Who dreams of the deceased? The roles of dream recall, grief intensity, attachment, and openness to experience.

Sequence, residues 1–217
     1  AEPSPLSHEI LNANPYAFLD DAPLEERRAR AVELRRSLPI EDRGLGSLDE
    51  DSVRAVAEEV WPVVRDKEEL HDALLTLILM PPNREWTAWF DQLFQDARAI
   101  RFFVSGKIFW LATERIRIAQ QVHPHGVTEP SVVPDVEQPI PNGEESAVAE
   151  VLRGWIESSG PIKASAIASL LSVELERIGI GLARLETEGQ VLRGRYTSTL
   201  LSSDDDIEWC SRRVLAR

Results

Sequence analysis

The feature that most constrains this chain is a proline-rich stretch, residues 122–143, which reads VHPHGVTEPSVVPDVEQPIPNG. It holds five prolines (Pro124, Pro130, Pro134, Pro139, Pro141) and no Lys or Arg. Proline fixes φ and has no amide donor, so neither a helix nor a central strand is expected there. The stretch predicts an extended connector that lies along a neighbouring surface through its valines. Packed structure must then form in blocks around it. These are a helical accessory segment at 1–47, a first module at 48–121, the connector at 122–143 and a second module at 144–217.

This research addressed the question of why some bereaved individuals dream of the deceased whereas others do not. Two studies were conducted. In one, participants were 268 U.S. residents (150 men, 116 women, 1 other, and 1 undisclosed), with an age range of 20 to 70 (M = 33.8), who had lost a romantic partner or spouse in the previous 12 to 24 months. The second study had 162 U.S. residents (88 men and 74 women), aged 18 to 63 (M = 32.1), whose dog or cat had died in the previous 6 months. In both studies, participants completed online questionnaires assessing frequency of dreams of the deceased, general dream recall, consistency of dream recall, themes in dreams of the deceased, grief intensity, attachment to the deceased, and the personality variable of openness to experience. Path analyses found that in both studies frequency of dream recall showed direct effects on dreaming of the deceased, and in the pet loss study, grief intensity and openness to experience also showed direct effects. However, in both studies, grief intensity, openness to experience, and attachment all showed indirect effects either through dream recall (in the case of grief and openness to experience) or through grief intensity and dream recall (in the case of attachment). It is also noteworthy that, in both studies, those who recalled dreams of the deceased endorsed more positive themed dreams of the deceased, which contrasts both with “ordinary” dreaming and with posttraumatic dreams. (PsycINFO Database Record (c) 2019 APA, all rights reserved)